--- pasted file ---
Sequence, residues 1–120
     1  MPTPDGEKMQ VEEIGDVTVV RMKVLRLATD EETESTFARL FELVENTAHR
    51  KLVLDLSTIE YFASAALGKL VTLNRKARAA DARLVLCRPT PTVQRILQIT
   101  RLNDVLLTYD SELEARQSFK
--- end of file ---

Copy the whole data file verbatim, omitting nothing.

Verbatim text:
Sequence, residues 1–120
     1  MPTPDGEKMQ VEEIGDVTVV RMKVLRLATD EETESTFARL FELVENTAHR
    51  KLVLDLSTIE YFASAALGKL VTLNRKARAA DARLVLCRPT PTVQRILQIT
   101  RLNDVLLTYD SELEARQSFK